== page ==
Slow down with age? Not HR's Rick Jones

May 4, 2011


Rick Jones (left) and training partner Raul Gomez make the rounds of Hood River with Jones’ jersey and finisher’s medal from the Boston Marathon.

Rick Jones entered his sixth decade on Earth April 12. A few days later he was running faster than he had before in previous 59 years.

The Hood River resident auto-qualified for next year's Boston Marathon when he finished the annual race in 3:33.44, good for 52nd in his age group.

That wasn't even the most impressive part of the whole matter.

Jones' bib number was 16076. That meant 16,075 people started in front of him. He passed nearly 8,000 of them on his way to the finish line to finish in 8,722nd place.

Not bad for a guy who just 10 years ago could barely make it up Hood River's downtown steps.

"When I turned 50 I walked up the steps for my birthday and felt like that scene in 'Rocky' in Philadelphia," Jones said.

Jones then set about conquering his own Clubber Lang. He began walking constantly, then running, then running up and down Hood River's numerous hills and moving onto 5 and 10K races and joining the Columbia Gorge Running Club.

A few years ago he began running the Portland Marathon.

"Each time was a little better," he said.

From Portland he moved on to Boston, or as Jones calls it, "The Super Bowl of running."

This year Jones found himself in the perfect starting position, where there were enough people in front of him to prevent him from starting too fast, but enough catchable runners to provide an incentive.

Once he got going, he found the hills in Boston, particularly the supposedly brutal "Heartbreak Hill," to be no match compared to what he had been training on back home.

He began catching and passing numerous runners who had fast times on flatland, but no way to train for the hills.

"All the poor flatlanders had no way to duplicate those hills in their winter training," he said.

While the Midwestern runners were suffering, Jones was having the time of his life.

"I love marathons with a lot of hills," Jones said. "If it was flat I would be bored to tears."

Jones was planning on this marathon being his last in Boston, but because he put up such a good time and auto-qualified for next year's race, he's going back again.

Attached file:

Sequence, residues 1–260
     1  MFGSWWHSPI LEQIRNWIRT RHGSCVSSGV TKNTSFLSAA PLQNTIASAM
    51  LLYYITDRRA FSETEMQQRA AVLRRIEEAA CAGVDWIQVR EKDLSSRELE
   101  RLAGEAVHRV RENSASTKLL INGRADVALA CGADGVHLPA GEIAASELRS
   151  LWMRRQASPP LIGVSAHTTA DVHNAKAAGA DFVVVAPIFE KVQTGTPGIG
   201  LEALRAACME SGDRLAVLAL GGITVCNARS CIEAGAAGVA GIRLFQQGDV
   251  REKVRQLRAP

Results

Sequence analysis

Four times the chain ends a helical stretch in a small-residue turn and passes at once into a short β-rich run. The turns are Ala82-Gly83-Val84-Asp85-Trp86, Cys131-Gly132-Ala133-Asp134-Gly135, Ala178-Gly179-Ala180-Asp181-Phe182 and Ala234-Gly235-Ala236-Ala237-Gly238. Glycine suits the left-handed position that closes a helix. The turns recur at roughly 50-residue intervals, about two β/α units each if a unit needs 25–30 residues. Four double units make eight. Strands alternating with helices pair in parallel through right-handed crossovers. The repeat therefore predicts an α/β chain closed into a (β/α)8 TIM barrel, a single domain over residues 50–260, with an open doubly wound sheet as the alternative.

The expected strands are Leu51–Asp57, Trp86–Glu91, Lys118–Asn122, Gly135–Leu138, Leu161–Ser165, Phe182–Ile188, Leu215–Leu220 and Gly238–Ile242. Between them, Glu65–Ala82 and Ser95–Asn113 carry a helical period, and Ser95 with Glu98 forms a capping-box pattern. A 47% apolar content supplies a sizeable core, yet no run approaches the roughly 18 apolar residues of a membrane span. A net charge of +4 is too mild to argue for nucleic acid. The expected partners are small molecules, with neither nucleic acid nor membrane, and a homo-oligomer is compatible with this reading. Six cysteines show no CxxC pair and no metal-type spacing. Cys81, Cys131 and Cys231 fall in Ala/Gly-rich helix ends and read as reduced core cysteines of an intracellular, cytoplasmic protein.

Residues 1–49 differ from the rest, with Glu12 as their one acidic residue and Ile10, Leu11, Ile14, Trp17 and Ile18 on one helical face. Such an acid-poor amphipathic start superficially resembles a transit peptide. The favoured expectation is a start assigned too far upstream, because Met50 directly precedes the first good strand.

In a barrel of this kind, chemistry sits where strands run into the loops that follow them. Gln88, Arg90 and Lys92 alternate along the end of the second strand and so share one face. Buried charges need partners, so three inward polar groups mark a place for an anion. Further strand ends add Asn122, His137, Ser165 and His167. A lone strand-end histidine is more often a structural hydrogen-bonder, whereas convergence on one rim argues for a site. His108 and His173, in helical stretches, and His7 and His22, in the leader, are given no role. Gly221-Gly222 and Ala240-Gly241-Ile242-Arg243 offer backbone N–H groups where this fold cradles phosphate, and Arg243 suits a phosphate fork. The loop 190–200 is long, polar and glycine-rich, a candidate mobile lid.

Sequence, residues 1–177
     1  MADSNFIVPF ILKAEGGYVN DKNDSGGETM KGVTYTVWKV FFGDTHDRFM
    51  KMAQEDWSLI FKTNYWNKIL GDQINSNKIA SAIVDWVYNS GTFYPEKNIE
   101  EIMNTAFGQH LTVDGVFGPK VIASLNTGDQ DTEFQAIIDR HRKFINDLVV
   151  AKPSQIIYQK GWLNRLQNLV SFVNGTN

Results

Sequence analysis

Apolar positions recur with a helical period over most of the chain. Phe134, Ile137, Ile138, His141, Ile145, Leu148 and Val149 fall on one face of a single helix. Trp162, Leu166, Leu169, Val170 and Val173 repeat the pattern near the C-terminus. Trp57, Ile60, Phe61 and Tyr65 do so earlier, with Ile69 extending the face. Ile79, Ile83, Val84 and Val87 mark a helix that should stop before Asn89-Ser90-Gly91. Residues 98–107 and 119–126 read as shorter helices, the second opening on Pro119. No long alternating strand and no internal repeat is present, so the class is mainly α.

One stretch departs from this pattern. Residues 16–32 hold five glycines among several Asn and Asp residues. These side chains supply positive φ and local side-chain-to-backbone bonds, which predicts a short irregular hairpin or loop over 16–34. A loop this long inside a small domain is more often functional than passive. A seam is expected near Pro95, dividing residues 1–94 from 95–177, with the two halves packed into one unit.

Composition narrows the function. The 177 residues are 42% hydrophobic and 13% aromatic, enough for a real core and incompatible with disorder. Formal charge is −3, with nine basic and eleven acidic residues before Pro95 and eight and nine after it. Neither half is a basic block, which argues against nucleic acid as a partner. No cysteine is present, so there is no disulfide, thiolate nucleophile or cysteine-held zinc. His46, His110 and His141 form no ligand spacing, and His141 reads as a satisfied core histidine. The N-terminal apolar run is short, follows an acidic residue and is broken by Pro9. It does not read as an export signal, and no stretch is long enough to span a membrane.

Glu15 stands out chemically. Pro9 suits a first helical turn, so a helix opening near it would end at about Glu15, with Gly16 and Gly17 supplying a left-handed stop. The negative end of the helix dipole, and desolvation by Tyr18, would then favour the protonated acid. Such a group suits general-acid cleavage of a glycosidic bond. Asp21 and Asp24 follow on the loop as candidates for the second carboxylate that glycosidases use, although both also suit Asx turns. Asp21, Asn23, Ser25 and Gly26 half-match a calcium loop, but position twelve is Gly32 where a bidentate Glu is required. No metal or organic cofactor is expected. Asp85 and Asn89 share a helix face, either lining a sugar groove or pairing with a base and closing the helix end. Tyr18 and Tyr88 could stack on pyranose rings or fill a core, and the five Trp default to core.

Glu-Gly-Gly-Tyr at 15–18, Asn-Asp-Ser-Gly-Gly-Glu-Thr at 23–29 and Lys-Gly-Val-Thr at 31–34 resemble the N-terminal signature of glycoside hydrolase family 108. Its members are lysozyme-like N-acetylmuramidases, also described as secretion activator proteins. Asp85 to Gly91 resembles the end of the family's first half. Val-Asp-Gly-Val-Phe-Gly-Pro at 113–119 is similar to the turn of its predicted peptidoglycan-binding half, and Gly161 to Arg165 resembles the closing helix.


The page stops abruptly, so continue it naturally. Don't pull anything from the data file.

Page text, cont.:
"There is a lot in Boston we didn't get to see," he said.

He gets to be among the first to register for the race next year, which means he will be closer to the front of the pack.

With so many racers behind him, he may just keep dropping his time as he ages another year.

"I'm feeling good," he said. "My knees are still feeling good."

Jones still is not quite sure how he went from barely being able to walk the Hood River stairs to proudly walking around town with his Boston Marathon jersey on, but he does know that he has enjoyed the ride.

"Ten years ago I was more of a 10-yard guy," he said of his former top running distance. "Today I'm a mini-celebrity."

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Parkdale third graders sing "12 Disaster Days of Christmas"

Welcome to your sing-able Christmas gift list. What follows is an emergency rendition of “12 Days of Christmas” – for outfitting your home or car in case of snow storm, earthquake, flood or other emergency. Read it as a simple list, or sing it to the tune of “12 Days” – you know, as in “ … and a partridge in a pear tree…” Not to make light of it, but the song is a familiar framework for a set of gift ideas that you could consider gathering together, even if the recipient already owns items such as a bunch of coats, tire chains and flashlights. Stores throughout the Gorge are stocked up on all these items. Buying all 12 days might be prohibitive, but here are three ideas for checking any of the dozen off your list (notations follow, 1-12.) The gift items needed to stay warm, dry and safe are also coded to suggest items in your abode (A) in your car (C) or both (B). 12 Gallons of Water (A) 11 Family meals (B) 10 Cans of propane (A) 9 Hygiene bags (B) 8 Packs of batteries (A) 7 Spare coats (B) 6 Bright red flares (C) 5 Cozy blankets (B) 4 Tire chains (C) 3 Flashlights (B) 2 cell phone chargers (B) 1 And a crush-proof first aid kit (B) Price ranges? Here’s a few quotes for days Three, Two, Four and Nine: n A family gift of flashlights (three will run $15-30, Hood River Supply, Tum-A-Lum) n Cell phone chargers (two will run $30-60) n Tire chains (basic set, $30, Les Schwab, returnable if unused for the winter) n Family meals ($100 or so should cover the basics for three or four reasonably well-fed days) n The home kit should be kept in a handy place near an exit, and remember that water needs to be replenished every few months. If you have a solid first aid kit already, switch out the gift idea with “and-a-sto-o-u-t- tub-for it-all …” Otherwise, it’s a case of assembling your home or car kits and making sure all members of the family know what the resources are and how to use them (ie flares and propane). Emergency situations are at worst life-threatening, at best deeply uncomfortable if you and your family are left without power for an extended period, or traveling and find yourself in a situation where you need to wait out a storm, lengthy traffic delay, or other crisis. Notes on the 12 gift ideas: 12 – Gallons of water: that’s one per person in a four-member family to last for three days, the recommended minimum to be prepared for utility outages. 11 – Easy-open packaged goods, energy bars, dried food and nuts are good things to include for nutrition. Think of what your family of four needs for three days to stay fortified and hydrated (see number 12). Can-opener also recommended 10 – If you have a propane camping stove, keep extra fuel handy. 9 – Hygiene bags: put packaged moistened towelettes, toilet paper, and plastic ties in large garbage bags (for personal sanitation) Resource list courtesy of Hood River County Emergency Management, Barbara Ayers, manager/ 541-386-1213. The county also reminds residents to Get a Kit, Make A Plan to connect your family if separated, and Stay Informed. See to opt-in for citizen alerts. Enlarge